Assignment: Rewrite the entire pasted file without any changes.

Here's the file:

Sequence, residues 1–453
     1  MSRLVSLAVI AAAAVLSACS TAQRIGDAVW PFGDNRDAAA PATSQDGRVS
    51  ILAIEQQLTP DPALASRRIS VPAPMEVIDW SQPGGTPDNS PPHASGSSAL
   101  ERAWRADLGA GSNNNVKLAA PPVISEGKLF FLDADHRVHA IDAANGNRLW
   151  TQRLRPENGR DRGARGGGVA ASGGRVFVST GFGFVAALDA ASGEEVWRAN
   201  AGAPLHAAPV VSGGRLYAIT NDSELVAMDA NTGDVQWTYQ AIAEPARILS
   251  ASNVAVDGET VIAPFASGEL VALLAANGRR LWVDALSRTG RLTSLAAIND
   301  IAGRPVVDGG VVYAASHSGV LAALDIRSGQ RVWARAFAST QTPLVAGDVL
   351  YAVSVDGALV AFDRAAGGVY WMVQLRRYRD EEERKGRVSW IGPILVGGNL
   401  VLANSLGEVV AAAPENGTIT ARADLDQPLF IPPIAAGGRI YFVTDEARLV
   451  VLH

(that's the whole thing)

Sequence, residues 1–453
     1  MSRLVSLAVI AAAAVLSACS TAQRIGDAVW PFGDNRDAAA PATSQDGRVS
    51  ILAIEQQLTP DPALASRRIS VPAPMEVIDW SQPGGTPDNS PPHASGSSAL
   101  ERAWRADLGA GSNNNVKLAA PPVISEGKLF FLDADHRVHA IDAANGNRLW
   151  TQRLRPENGR DRGARGGGVA ASGGRVFVST GFGFVAALDA ASGEEVWRAN
   201  AGAPLHAAPV VSGGRLYAIT NDSELVAMDA NTGDVQWTYQ AIAEPARILS
   251  ASNVAVDGET VIAPFASGEL VALLAANGRR LWVDALSRTG RLTSLAAIND
   301  IAGRPVVDGG VVYAASHSGV LAALDIRSGQ RVWARAFAST QTPLVAGDVL
   351  YAVSVDGALV AFDRAAGGVY WMVQLRRYRD EEERKGRVSW IGPILVGGNL
   401  VLANSLGEVV AAAPENGTIT ARADLDQPLF IPPIAAGGRI YFVTDEARLV
   451  VLH